How Juicy, Delicious Watermelon Can Help You Lose Weight

Here’s the reason:  food that has a high water content — like cucumbers, soup (especially broth-based soup), and, you guessed it, watermelon — make you feel full and, they’re usually relatively low calorie foods.

How great is it that something as nutritious and calorie friendly as watermelon is such a treat?  Juicy watermelon has certainly finished off lots of camp meals and family picnics and dare I mention the college special: watermelon infused with vodka?  And, how pretty are those intricate carved watermelon baskets filled with watermelon, cantaloupe, and honeydew balls?  Very labor intensive.  My mother was good at that.

I just came back from a trip to Greece where just about every lunch and dinner ended with a beautiful platter of red, ripe watermelon.  Totally satisfying, thirst quenching, and an important component of the Mediterranean diet.

A Melon With History

The first recorded watermelon harvest was in Egypt, nearly 5,000 years ago. Now you can find more than 1,200 varieties grown in 96 countries.  Watermelon — 92% water and 6% sugar — is a cousin of cucumbers, pumpkins, and squash and is the most consumed melon in the US, followed by cantaloupe and honeydew.

Some Watermelon Trivia

  • Watermelon, with its water content, is a volume food. It fills you up and quenches your thirst and is great for weight control.
  • One wedge (about 1/16 of a melon, 286 g) has 86 calories, no fat, 22g carbs, 1g fiber, and 2g protein.
  • 10 watermelon balls (122g) have 37 calories, 0 fat, 9g carbs, 0g fiber, and 1g protein
  • 1 cup of diced watermelon (152g) has 46 calories, 0g fat, 11g carbs, 1g fiber, and 1g protein
  • Two cups of red flesh watermelon chunks supplies 25% of daily vitamin A, 30% of daily vitamin C, B6 (6%) of B6; 8% potassium, 4% phosphorus, 8% magnesium, beta carotene, and lycopene.
  • Watermelon’s inner rind is edible and has a bunch of hidden nutrients.  The outer rind, also edible, is sometimes used as a stir-fried or stewed vegetable or as a pickled condiment.
  • Look for a watermelon that’s firm, symmetrical, and bruise, cut, or dent free. It should be heavy for its size and its underside should have a creamy yellow spot from where it sat on the ground while it ripened in the sun.
  • Whole melons will keep for 7 to 10 days at room temperature but lose flavor and texture if they’re stored too long. They’ll keep for three to four days in the fridge after they’re cut.

Unusual Watermelon Salads

I recently had a salad made with arugula, yellow watermelon chunks, grilled red watermelon slices, pistachios, grated ricotta salata, and balsamic dressing.  It was awesome.

Here’s another salad I frequently make.  I’m not too precise with my measurements and it still tastes fantastic:

Mediterranean Watermelon Salad (adapted from watermelon.org)

Ingredients:

  • 6 cups torn mixed salad greens
  • 3 cups cubed seeded watermelon
  • 1/2 cup sliced red onion
  • 1/3 cup crumbled feta cheese
  • 1/2 cup watermelon vinaigrette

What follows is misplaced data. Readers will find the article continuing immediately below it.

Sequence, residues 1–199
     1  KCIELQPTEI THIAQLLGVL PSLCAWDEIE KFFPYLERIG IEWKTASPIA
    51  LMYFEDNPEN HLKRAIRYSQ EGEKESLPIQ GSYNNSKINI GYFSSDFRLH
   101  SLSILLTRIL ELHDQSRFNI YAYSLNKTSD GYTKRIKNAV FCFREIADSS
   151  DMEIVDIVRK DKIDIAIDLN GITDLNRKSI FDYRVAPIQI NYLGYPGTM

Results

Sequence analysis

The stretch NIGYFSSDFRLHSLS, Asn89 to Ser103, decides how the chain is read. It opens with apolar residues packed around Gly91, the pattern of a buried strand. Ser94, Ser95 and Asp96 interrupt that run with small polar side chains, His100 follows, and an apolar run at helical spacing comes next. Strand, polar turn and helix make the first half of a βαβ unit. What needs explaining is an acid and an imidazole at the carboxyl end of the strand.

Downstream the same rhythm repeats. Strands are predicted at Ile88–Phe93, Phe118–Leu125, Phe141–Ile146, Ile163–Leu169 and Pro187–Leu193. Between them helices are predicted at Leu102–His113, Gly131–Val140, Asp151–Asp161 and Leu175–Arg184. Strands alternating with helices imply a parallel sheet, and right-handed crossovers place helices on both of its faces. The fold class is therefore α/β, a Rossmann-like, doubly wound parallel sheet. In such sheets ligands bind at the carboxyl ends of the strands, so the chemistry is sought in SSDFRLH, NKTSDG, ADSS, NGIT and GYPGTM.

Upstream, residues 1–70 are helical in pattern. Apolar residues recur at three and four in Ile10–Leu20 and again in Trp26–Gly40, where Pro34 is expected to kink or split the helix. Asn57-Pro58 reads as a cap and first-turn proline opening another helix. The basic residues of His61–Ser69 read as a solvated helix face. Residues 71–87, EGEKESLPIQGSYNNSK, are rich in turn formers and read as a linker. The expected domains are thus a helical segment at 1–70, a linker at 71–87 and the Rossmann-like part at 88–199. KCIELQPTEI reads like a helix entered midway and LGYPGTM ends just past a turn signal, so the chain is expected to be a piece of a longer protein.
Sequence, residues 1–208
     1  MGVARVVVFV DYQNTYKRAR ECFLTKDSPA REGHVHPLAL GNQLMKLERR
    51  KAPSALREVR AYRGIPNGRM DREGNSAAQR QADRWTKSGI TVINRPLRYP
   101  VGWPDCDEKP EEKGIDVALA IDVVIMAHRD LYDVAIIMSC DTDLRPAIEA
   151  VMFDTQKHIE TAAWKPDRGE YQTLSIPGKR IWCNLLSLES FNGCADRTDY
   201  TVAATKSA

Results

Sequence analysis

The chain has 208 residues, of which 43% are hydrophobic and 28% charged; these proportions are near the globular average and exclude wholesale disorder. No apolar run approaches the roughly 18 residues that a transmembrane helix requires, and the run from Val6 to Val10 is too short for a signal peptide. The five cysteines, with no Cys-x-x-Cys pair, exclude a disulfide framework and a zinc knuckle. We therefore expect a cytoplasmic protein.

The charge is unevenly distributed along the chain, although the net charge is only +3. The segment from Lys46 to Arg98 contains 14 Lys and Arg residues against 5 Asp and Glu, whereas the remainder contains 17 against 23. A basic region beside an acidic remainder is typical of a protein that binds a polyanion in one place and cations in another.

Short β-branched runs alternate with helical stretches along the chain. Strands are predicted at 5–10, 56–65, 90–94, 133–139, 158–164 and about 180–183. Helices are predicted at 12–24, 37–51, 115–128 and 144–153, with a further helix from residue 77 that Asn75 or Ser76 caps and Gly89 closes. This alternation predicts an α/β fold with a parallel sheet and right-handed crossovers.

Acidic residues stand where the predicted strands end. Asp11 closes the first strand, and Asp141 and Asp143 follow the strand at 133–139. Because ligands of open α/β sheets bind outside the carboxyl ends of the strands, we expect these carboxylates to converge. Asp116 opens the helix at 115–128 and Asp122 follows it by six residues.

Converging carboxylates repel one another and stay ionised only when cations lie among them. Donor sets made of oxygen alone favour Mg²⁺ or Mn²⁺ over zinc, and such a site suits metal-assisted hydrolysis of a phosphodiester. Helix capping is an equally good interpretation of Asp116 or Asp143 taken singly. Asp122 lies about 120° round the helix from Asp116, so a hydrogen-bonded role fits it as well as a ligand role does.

• Freshly ground black pepper
  • Mint sprigs

Watermelon Vinaigrette:

  • 2 tablespoons honey
  • 1/4 cup pureed watermelon (puree chunks in a food processor)
  • 2 tablespoons white wine vinegar
  • 1/4 teaspoon pepper
  • 1 teaspoon olive oil

Directions:

Make the vinaigrette by whisking  all of the ingredients together. Store it in the refrigerator and shake well before using. Makes about 1/2 cup.

In a large bowl, mix all of the salad ingredients except the vinaigrette, pepper, and mint. Just before serving, toss the salad mixture with the vinaigrette. Garnish with pepper and mint sprigs.

Makes 6 servings. About 75 calories per serving.

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7 Responses to How Juicy, Delicious Watermelon Can Help You Lose Weight

  1. Sarah August 1, 2012 at 10:01 am #

    Mmmh, I love the Watermelon Vinaigrette idea. Will definitely try that out…
    What about a watermelon daiquiri ? Probably not so good to loose weight, but they are still yummy !

    • Penny Klatell, PhD, RN, ACC August 5, 2012 at 3:55 pm #

      I agree that a watermelon daiquiri might not be the most fantastic caloric choice, but I’m also not a believer in intentional dietary deprivation! I was in a restaurant yesterday — and their specialty drink was a watermelon basil margarita. I didn’t try it, but it sounds delicious!

  2. Kim Whitaker August 1, 2012 at 5:38 pm #

    Very interesting Penny – didn’t know lots of this. The salad sounds yummy too.

    • Penny Klatell, PhD, RN, ACC August 5, 2012 at 3:52 pm #

      Thanks, Kim. Watermelon and feta is one of my all time favorites. Something about the combination of sweet and salty . . .

  3. Angie Swartz August 2, 2012 at 2:36 am #

    Hi Penny,
    I love this post and I can’t wait to incorporate more watermelon into my diet. I am going to try your recipes. They look healthy and delicious. Please keep the healthy eating advice coming! Thank you!
    Angie

    • Penny Klatell, PhD, RN, ACC August 5, 2012 at 3:51 pm #

      Thanks, Angie. I don’t know why watermelon is often so overlooked. It’s cheap, delicious, and really versatile. Sitting on porch steps and spitting seeds can be a whole lot of fun, too!

  4. Diane January 19, 2013 at 11:53 pm #

    I just found your site and enjoyed many articles. Of course, I love watermelon, but had always heard calories from natural sugar in watermelon was high. The salad and vinaigrette sound wonderful. Thank you…

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